Poland’s election results showed pro-EU opposition parties winning a parliamentary majority, unlikely to improve strained ties between Warsaw and Moscow, the Kremlin said on Tuesday.
Relations between Russia and Poland have historically been tense, but have hit a new low since Moscow’s offensive in Ukraine that began in February last year.
“Honestly, it’s not possible at this time,” Kremlin spokesman Dmitry Peskov told Russian companies when asked if the results could change bilateral relations.
“There is no part of the Polish establishment that has explicitly or implicitly indicated the need to restore relations with Russia,” he said.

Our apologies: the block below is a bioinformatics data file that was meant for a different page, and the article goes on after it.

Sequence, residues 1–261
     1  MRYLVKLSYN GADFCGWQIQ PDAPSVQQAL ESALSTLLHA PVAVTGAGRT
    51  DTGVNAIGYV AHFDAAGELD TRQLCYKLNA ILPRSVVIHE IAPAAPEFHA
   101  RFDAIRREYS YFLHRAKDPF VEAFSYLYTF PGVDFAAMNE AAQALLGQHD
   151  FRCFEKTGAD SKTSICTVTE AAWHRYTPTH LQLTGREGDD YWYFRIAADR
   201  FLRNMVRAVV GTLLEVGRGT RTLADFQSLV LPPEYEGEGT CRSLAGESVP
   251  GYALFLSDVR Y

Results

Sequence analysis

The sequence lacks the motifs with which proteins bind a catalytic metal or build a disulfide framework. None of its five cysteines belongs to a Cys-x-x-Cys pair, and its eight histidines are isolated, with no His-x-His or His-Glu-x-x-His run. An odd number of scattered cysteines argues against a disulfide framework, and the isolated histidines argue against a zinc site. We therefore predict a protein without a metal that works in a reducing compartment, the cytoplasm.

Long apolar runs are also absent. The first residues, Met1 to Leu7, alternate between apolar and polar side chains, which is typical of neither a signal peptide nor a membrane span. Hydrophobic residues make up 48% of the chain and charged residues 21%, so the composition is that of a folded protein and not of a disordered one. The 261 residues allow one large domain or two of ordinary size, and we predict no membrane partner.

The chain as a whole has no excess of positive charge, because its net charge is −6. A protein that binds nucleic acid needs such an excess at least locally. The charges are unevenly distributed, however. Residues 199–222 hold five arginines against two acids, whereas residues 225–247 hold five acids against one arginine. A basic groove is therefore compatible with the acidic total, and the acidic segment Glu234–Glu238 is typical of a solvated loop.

“It’s true that the Poles don’t like us, they’re not friendly with us, they take a very hostile stance on everything about us. We don’t like that,” he said.
“It is absurd that two neighboring states are hostile to each other,” he said.
Poland and Russia share a narrow border through Russia’s Kaliningrad exclave.
The two countries have had a strained relationship for centuries, divided over historical issues, and now Poland is one of Ukraine’s main allies against Russia.
Warsaw hosted more than 1 million Ukrainian refugees fleeing Moscow’s onslaught.
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